Kansas views on job growth, school funding, rural hospitals, Senate race, Kansas Chamber, campus sexual assaults
08/31/2014 7:08 PM
09/01/2014 12:08 AM
Job growth – Since Gov. Sam Brownback’s tax cuts took effect in January 2013, the Kansas side of the Kansas City region – primarily Johnson and Wyandotte counties – had gained only 6,800 jobs through July 31. That’s according to the federal Bureau of Labor Statistics’ seasonally adjusted nonfarm employment totals. The growth rate was 1.5 percent. Over the same time, counties on the Missouri side of the state line had added 7,700 jobs on a bigger base of employees, for a similar growth rate of 1.4 percent. These figures indicate that much of the hype about the tax cuts and the border war is a myth.
Kansas City Star
School funding – Gov. Sam Brownback remains determined to label himself pro-education. But his claim of injecting more money into K-12 classrooms in Kansas is off-base at best. Current base state aid per pupil of $3,852 remains well short of the 2009 total of $4,400, and below the statutory requirement. The governor’s tally of higher state investment per pupil includes increased contributions to the state’s pension system and capital improvement aid for districts, not dollars for teacher salaries or other operational costs. Schools statewide still are being shortchanged, and significant state revenue shortfalls driven by Brownback’s tax cuts for the wealthy only will exacerbate the problem.
Garden City Telegram
Rural hospitals – People who live in the small rural communities of Kansas rely on the critical access hospitals that serve their hometowns. Yet keeping those hospitals afloat is a constant struggle that requires extraordinary investment from taxpayers – fewer of whom are left each year to support those hospitals. The situation isn’t being helped by the bullheaded decision by Gov. Sam Brownback and the Legislature to reject a federal expansion of Medicaid.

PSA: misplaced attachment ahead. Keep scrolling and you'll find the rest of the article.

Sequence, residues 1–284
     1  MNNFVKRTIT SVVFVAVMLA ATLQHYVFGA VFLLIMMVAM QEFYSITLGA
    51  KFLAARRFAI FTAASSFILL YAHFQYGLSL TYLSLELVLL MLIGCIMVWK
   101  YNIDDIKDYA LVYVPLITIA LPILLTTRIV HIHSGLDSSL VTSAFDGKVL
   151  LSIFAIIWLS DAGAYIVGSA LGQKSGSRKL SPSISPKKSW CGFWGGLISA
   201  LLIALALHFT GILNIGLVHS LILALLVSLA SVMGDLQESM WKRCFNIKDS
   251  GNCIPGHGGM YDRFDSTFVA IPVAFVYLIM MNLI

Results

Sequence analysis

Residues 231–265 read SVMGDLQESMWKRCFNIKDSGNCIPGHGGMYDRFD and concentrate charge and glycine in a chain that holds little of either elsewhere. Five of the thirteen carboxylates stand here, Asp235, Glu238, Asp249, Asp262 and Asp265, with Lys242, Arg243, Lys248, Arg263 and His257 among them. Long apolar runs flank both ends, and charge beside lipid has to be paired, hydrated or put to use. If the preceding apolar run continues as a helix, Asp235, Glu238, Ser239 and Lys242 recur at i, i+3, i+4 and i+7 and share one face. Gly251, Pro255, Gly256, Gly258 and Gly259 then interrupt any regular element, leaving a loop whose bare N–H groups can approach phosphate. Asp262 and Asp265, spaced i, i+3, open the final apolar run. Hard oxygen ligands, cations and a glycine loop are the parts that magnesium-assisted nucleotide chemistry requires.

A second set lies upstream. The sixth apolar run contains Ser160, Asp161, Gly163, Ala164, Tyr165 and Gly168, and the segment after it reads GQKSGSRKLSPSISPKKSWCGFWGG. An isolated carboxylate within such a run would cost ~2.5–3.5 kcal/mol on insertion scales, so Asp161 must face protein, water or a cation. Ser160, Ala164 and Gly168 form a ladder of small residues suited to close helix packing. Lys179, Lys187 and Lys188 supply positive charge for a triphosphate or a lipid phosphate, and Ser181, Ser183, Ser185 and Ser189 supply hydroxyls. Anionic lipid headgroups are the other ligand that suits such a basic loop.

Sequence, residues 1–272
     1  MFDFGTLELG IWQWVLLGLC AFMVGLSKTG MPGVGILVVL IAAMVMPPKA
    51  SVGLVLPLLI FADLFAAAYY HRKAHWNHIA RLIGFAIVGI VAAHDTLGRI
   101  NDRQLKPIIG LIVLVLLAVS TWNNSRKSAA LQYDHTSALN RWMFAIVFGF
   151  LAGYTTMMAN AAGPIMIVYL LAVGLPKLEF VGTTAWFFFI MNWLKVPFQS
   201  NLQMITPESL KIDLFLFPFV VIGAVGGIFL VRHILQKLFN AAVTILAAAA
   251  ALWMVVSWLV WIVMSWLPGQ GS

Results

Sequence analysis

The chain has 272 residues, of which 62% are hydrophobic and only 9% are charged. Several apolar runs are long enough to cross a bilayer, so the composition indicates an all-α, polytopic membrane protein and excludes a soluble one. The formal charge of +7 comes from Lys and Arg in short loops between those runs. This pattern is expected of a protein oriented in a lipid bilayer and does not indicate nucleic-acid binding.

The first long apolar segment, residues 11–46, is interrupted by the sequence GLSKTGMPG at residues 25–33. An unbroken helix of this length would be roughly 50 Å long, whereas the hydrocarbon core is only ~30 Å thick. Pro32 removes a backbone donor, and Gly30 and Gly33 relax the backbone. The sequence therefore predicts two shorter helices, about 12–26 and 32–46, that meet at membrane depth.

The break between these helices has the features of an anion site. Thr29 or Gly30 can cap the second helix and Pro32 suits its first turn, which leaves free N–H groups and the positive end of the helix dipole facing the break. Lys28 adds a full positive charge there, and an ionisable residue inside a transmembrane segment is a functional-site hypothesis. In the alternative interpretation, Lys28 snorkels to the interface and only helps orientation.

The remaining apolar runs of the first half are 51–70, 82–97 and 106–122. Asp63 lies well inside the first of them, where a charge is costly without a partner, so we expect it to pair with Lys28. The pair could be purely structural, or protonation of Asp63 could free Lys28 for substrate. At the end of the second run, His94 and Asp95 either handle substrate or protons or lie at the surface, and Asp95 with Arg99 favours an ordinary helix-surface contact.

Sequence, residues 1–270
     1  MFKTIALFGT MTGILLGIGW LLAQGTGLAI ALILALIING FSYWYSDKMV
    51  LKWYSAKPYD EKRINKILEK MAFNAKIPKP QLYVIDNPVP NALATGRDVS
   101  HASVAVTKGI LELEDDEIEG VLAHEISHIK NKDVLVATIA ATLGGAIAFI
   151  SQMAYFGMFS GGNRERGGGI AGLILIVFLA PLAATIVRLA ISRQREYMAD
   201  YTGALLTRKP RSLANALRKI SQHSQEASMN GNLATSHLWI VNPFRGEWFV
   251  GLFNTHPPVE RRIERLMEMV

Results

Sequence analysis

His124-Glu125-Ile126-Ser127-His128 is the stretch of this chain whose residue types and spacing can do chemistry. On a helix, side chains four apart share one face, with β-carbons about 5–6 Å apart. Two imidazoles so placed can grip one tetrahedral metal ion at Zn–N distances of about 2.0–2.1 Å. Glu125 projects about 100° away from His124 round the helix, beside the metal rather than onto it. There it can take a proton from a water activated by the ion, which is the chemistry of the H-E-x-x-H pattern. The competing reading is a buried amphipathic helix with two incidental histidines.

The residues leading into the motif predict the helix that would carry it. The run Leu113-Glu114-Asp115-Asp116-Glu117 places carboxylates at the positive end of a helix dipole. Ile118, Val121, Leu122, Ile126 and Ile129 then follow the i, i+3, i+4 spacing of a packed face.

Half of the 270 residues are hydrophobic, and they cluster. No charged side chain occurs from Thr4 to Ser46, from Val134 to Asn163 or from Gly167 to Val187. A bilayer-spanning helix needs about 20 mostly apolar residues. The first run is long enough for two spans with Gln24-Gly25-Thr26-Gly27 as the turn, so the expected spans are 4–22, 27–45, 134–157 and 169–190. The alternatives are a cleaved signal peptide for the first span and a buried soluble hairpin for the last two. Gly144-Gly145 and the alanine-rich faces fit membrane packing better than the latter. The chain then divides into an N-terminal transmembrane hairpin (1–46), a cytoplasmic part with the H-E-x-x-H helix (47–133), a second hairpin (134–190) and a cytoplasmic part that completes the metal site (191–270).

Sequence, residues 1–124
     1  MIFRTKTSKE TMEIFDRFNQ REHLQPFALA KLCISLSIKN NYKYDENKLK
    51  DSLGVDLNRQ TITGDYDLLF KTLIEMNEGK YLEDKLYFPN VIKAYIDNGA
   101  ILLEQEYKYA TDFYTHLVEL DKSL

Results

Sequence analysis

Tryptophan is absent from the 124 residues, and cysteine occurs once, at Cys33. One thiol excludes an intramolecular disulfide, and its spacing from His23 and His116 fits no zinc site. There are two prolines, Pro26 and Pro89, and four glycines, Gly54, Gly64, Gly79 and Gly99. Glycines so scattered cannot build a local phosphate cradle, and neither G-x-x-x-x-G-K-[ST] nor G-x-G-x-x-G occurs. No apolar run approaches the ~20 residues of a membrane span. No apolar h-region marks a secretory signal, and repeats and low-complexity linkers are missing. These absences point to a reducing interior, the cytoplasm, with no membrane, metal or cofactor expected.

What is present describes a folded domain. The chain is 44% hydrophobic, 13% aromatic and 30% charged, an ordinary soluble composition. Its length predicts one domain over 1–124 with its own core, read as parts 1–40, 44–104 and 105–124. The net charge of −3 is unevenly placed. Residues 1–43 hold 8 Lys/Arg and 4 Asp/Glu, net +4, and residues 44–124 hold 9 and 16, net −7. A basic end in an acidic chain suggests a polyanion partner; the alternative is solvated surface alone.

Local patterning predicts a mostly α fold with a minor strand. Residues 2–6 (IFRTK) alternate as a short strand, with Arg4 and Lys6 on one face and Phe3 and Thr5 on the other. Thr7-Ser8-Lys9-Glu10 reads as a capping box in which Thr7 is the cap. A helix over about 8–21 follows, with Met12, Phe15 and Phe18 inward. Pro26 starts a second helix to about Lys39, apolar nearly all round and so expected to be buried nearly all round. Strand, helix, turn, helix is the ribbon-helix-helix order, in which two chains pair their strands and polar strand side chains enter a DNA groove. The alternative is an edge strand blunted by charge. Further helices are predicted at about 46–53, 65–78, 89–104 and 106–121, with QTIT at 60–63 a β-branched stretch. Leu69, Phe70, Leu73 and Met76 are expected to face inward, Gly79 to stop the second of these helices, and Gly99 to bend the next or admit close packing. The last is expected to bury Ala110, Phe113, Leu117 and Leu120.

Senate race – Democrat Chad Taylor cannot beat Sen. Pat Roberts, R-Kan. Neither can Libertarian candidate Randall Batson. Independent Greg Orman can. But Taylor can siphon off just enough anti-Roberts votes that could keep Roberts in office. If Kansas Democrats are serious about wanting to defeat Roberts, they need to convince Taylor to withdraw from the race.
Hays Daily News
Kansas Chamber – Other than being a conduit for PAC money to ultra-conservative candidates, the Kansas Chamber of Commerce carries little clout. Despite its name, the organization hasn’t represented the best interests of small-town chambers of commerce for many years. In fact, the political nature of the Kansas Chamber has disenfranchised many community chambers that have refused to continue their membership in the state group.
Scott County Record
Campus assaults – With the start of the fall semester at colleges and universities across the country, there’s a lot of discussion about the prevalence of sexual assault among students. The statistics are shocking but perhaps not as shocking as some of the attitudes that have been revealed in campus studies. Much of the focus right now is falling on how colleges handle reports of sexual harassment and assault. That’s important, but not as important as how to prevent those assaults in the first place.
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